Back to the Motley Fool we go… this week it’s the Motley Fool Canada that caught my attention, hinting at a recommendation they made a few months ago but still like now for their Hidden Gems Canada service.
Here’s the lead-in for the ad, which I received just this morning… we start with the “fear of missing out” greed factor:
“When The Motley Fool first recommended Amazon to its U.S. members in 1997, it was just a small-cap stock trading for roughly $1 a share… but many investors failed to take it seriously.
“Fast-forward to today, Amazon’s stock is up a mind-boggling +32,000% – turning every $5,000 invested into roughly $1.6 MILLION!”
And then move on to the “wait, maybe you’ve got another chance for those gains!” tease…
“Now, a Canadian small-cap stock is being called “The Amazon of the North” by some market insiders.
“Why? It just secured a $600 million investment from none other than Amazon itself.”
So what is this company? We’re told that it’s listed on the Toronto Stock Exchange, and that it “dominates 95% of the market” in Canada (for what, we don’t know). And the ad also says that it’s valued at $1.2 billion today, so it’s certainly small enough to have big long-term growth potential (though I’d say Amazon, too, has plenty of growth potential remaining, and it’s ticking along at almost a $1 trillion valuation).
Any other hints about the focus of this special report? Not really, though they do say that the report is called “”The Small-Cap Amazon of the North Has Arrived.”
And they ladle on the FOMO pretty heavy in the P.S. of the email that I got today:
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“Amazon’s stock is up a mind-boggling +32,000% – turning every $5,000 invested into roughly $1.6 MILLION!
“Click here to get the story on this little Canadian company before something similar potentially happens again and you miss out…”
OK, so, before I tell you the Thinkolator’s results I want to make one thing clear: I PROMISE that this stock will NOT be the “next Amazon.” It’s NOT going to go up 32,000% in the next 20 years. I am extremely confident in that assertion.
Which doesn’t mean it’s a bad stock, of course, just that if you start your research with that “next Amazon!” in mind, you’re not going to be careful enough or think about risk or loss potential. Let’s go in clear, shall we?
So now I can tell you: Thinkolator sez this is: Cargojet (CJT.TO in Canada, CGJTF OTC in the US), which is indeed an Amazon supplier and may receive an equity investment from Amazon.
But no, this is not some infinitely scalable breakthrough company — it’s an air leasing and air cargo company. Their primary business is operating a Canadian city-to-city air cargo transport network for rapid overnight deliveries and companies like Amazon are their customers. Here’s how they describe themselves:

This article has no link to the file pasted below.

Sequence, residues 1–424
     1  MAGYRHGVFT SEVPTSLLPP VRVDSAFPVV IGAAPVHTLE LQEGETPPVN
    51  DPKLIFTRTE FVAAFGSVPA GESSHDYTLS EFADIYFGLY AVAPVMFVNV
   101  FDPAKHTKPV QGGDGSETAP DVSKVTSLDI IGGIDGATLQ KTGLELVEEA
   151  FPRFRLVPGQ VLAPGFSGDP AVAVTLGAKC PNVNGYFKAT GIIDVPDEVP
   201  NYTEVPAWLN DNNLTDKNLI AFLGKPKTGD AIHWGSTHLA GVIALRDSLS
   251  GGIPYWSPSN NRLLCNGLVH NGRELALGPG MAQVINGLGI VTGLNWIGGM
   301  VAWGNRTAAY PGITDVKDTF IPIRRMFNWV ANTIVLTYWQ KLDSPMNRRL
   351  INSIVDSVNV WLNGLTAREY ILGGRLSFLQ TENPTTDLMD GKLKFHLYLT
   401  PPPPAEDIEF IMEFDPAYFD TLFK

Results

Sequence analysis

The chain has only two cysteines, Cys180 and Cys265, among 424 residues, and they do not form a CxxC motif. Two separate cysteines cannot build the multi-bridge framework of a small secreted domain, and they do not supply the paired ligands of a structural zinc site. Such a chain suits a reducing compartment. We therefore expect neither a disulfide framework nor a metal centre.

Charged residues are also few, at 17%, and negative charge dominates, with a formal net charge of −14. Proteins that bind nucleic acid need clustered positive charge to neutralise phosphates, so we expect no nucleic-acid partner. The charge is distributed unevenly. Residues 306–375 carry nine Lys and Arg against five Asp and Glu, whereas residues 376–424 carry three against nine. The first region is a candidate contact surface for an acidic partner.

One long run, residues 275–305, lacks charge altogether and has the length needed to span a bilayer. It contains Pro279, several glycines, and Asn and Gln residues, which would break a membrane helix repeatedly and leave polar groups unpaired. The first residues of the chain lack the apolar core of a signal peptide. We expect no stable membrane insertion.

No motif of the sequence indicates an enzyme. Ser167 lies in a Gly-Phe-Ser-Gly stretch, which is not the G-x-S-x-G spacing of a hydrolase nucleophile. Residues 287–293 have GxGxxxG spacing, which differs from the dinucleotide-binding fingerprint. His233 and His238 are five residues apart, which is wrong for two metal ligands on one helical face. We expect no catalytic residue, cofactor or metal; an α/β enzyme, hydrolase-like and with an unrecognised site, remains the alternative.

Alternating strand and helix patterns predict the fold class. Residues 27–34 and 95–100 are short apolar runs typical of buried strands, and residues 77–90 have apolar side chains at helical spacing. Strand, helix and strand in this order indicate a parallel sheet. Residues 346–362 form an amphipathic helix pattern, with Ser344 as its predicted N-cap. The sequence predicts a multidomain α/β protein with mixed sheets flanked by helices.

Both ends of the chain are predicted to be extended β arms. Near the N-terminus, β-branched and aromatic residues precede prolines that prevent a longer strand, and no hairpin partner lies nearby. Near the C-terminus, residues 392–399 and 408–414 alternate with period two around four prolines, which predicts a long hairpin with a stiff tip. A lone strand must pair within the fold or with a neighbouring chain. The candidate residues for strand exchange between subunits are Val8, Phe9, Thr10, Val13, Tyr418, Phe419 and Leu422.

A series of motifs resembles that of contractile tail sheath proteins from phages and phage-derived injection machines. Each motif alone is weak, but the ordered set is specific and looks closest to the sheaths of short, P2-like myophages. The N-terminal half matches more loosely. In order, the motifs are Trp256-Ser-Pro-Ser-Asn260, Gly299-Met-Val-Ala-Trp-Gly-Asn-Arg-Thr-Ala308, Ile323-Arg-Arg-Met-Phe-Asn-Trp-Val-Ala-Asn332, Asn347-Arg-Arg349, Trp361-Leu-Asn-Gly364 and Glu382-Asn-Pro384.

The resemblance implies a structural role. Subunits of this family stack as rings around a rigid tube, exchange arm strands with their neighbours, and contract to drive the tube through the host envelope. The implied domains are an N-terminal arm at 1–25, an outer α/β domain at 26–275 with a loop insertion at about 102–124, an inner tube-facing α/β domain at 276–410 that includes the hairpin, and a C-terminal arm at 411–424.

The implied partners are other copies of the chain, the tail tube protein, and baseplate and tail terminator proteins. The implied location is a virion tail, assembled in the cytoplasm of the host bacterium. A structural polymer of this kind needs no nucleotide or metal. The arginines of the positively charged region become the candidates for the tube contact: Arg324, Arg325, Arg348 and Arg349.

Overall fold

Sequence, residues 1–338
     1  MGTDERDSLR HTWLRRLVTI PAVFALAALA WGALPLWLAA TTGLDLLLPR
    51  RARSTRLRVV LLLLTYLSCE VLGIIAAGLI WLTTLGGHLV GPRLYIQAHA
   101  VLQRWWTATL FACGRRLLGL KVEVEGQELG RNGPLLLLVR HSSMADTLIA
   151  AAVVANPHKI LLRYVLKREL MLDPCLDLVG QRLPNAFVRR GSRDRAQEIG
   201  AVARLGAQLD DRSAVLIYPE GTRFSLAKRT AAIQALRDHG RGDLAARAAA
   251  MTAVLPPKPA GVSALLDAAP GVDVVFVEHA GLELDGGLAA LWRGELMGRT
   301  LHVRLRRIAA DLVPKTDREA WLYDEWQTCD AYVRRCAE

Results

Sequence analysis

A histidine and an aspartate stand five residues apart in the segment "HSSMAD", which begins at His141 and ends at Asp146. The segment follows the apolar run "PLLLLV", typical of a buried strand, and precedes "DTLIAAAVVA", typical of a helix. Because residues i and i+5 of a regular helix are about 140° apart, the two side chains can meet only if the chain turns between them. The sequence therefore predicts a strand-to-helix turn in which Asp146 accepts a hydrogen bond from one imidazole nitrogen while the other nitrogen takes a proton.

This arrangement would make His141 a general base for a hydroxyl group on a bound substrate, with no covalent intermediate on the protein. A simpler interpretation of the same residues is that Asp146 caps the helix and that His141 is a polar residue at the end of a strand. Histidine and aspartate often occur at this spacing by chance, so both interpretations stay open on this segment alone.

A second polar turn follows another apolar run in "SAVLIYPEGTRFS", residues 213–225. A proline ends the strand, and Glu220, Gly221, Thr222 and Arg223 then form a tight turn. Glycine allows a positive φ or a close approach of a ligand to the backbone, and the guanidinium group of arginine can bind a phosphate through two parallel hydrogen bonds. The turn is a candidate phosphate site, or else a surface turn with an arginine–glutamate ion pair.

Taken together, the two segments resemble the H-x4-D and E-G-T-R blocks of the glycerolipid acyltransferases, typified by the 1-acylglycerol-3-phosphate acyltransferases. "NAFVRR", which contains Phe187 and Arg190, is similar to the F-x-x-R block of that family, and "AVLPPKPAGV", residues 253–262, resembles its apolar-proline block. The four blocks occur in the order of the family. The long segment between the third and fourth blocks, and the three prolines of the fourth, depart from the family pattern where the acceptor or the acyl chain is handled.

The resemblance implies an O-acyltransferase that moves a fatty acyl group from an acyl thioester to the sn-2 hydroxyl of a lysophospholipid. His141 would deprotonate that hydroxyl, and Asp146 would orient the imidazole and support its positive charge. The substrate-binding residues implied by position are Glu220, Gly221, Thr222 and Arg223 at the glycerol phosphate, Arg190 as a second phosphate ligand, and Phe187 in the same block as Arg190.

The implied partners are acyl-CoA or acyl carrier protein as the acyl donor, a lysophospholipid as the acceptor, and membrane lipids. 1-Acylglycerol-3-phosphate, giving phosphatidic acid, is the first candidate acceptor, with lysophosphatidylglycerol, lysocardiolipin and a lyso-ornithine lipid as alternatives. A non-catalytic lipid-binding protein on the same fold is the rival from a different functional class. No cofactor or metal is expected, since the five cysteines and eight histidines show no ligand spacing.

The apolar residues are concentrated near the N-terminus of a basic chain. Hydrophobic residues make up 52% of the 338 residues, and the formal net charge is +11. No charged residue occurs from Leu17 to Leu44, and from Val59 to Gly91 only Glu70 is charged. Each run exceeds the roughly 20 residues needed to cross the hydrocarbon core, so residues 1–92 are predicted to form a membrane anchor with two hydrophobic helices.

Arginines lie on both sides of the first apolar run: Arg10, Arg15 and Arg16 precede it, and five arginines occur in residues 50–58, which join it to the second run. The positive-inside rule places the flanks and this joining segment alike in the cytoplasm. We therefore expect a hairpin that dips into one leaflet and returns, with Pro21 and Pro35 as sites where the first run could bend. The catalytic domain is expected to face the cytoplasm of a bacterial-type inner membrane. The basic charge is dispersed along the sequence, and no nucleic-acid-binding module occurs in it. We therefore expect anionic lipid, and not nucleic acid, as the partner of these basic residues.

“Cargojet is Canada’s leading provider of time sensitive premium overnight air cargo services and carries over 8,000,000 pounds of cargo weekly. Cargojet operates its network across North America each business night serving 15 major cities, and selected international destinations, utilizing a fleet of 26 all-cargo aircraft.”
And it has not “secured a $600 million investment from Amazon” — it has given Amazon warrants to acquire 14.9% of the company (at roughly C$91 a share) over the next 7-1/2 years, and those warrants only vest if Amazon spends $400 million on Cargojet’s services during that time (for the first 9.9%, within 6-1/2 years) and another $200 million by the time 7-1/2 years are up, which would be the winter of 2027-28.
If Amazon earns and exercises those warrants, they would then hold 14.9% of the company, for which they would pay about C$183 million (that’s exercising warrants on 14.9% of their current 13.5 million share count, at $91 a share). I would assume that this deal works out well for Cargojet if it inspires Amazon to use its services more actively or exclusively, which is certainly possible, and if it deters Amazon from building out its own fleet of cargo planes in Canada, but it isn’t creating brand-new business — Amazon was already Cargojet’s customer, and presumably was their largest customer.
Cargojet sees opportunities for growth in a few areas — they aren’t currently planning on significantly increasing their fleet of 22 cargo jets and three passenger jets (the passenger planes are on charter and run by a third party) in the next couple years, but they think they can use them more efficiently by adding daytime or weekend routes and increasing their trans-border shipments, particularly with the US as the new trade agreement (presuming it eventually gets ratified by Congress) increases the allowable cross-border purchasing limit for individual Canadians.
Their planes are pretty old, mostly 20-30 year old Boeing 757 and 767 freighters, and they own about half of them (the other half are leased), their pilots are in a labor agreement through 2023 so labor is pretty settled, and about 75% of their revenue each year is from long-term contracts with major customers which include surcharges for high fuel costs, so the business should be fairly predictable. Here’s how they described the business in the last earnings report: